Jump on championship bandwagon while good seats are still available


Nuggets center Nikola Jokic stood alone near center court in a noisy arena, blowing his breath into hands cupped in the shape of a genie’s lamp, giving sweet life to basketball magic previously unknown around here.

Could this be the most magical season in franchise history? Is it finally the Nuggets’ time to win it all?

At the risk of awakening the grouch inside coach Michael Malone, I say: Yes!

Go ahead. Dream big. At this point in the young season, with a long winter ahead and the playoffs more than four months away, it’s not too early for the Nuggets to start the serious business of bringing home the Larry O’Brien Trophy.

Since Denver joined the NBA way back in 1976, long before the Broncos won a Super Bowl or the Avs lifted the Stanley Cup, never have we seen a Nuggets team as talented or well-balanced as this one. Dan Issel, Carmelo Anthony or any player who has worn a rainbow skyline jersey never had the legit opportunity to win a championship that Joker and his mates do now.

After a lopsided victory Wednesday completed a two-game home sweep of lowly Houston, the Nuggets improved their record to 14-7, second in the Western Conference to Phoenix. The start is particularly impressive because Denver has already played 13 road games and Malone is still tinkering as he integrates Jamal Murray and Michael Porter Jr. into the lineup from major injuries that crippled this team a season ago.

Malone, however, reacted to a 20-point thrashing of the Rockets with a scowl, chewing on the stat sheet and citing a lack of resolve in his team. He stole a page from the Book of Pop, echoing the often-grumpy, never-satisfied disposition of wildly successful San Antonio coach Gregg Popovich, who has served as a mentor to Malone.

“I know this team. I’ve seen it time, time and time and time and time and time and time and time again. It’s frustrating,” groused Malone. He told assistant coaches at halftime the Nuggets’ 74-47 lead made him nervous, because he has yet to detect a killer instinct in these players, still learning how to maintain championship focus for the grind of 48 minutes.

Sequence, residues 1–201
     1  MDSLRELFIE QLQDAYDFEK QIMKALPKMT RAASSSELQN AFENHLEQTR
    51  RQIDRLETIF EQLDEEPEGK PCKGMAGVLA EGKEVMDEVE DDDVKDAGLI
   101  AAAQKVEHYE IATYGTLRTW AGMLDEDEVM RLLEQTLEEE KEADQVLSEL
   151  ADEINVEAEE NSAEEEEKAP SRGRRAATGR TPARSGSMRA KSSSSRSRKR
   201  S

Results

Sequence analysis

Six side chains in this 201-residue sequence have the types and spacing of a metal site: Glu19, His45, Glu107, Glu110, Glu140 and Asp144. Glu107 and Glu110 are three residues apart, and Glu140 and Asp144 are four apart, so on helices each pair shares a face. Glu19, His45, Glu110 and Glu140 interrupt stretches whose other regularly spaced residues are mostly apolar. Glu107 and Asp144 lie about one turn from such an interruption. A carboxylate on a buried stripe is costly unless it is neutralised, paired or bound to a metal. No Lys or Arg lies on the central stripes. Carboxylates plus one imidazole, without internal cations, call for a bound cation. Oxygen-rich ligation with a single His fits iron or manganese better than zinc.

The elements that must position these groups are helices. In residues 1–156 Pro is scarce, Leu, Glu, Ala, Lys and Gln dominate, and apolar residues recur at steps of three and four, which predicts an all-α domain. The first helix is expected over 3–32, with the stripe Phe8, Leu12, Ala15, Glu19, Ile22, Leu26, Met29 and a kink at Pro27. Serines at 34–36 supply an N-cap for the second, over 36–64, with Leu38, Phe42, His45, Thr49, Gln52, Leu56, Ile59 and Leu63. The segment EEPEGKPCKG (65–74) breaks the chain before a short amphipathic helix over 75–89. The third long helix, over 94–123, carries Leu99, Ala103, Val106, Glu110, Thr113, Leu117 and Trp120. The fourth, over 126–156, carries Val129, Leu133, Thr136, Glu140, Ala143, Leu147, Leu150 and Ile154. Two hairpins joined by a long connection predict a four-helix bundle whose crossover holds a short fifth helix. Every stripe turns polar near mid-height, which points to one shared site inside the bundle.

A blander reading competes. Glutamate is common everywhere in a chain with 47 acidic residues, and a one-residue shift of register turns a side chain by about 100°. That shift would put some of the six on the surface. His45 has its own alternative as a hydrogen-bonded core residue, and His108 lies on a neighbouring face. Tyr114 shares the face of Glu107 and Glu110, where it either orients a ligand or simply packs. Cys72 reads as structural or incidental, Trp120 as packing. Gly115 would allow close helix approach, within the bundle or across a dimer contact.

“We talk about all the things we want to do. Well, it can’t be trusted. Let’s go out there and be pros. Be some grown-(arse) men and handle your business. I’m not Debbie Downer, I’m really excited we won the game and protected our home court … But I just want to see our team mature and understand consistency is going to be what allows us to be a team that can go deep (in the NBA playoffs).”

With two MVP trophies, Jokic has firmly established himself as a franchise player with the capability to perform the same magic we’ve seen from Steph, LeBron and Giannis while carrying teammates to a championship. With every game, Murray shakes off rust from his 18 months away and sharpens his blue arrow.

The window for Denver to win a championship will never be open wider than it is now. Enough with the defeatist attitude that it can’t happen here. And no more waiting until next year. Boston, Milwaukee and Phoenix boast rosters with serious talent, but there’s no super team in the league.

What makes me buy the Nuggets as a legit contender, however, is the toughness that allows Malone to coach these players hard and demand better.

Winning a championship is difficult. The Avs hoisted the Cup in no small measure because Nathan MacKinnon spit nails and gave icy glares to anyone in the Colorado locker room not fully committed to the quest. While the Broncos talk about accountability, it’s hard to break a cycle of losing when you’re as soft as a hug.

Yes, there are big questions the Nuggets need to answer. The unresolved issues are as simple as: Can they protect the rim at crunch time? And the concerns as mysterious as: Will the health of Michael Porter Jr., currently nursing a heel injury, ever be solid enough to be trusted?


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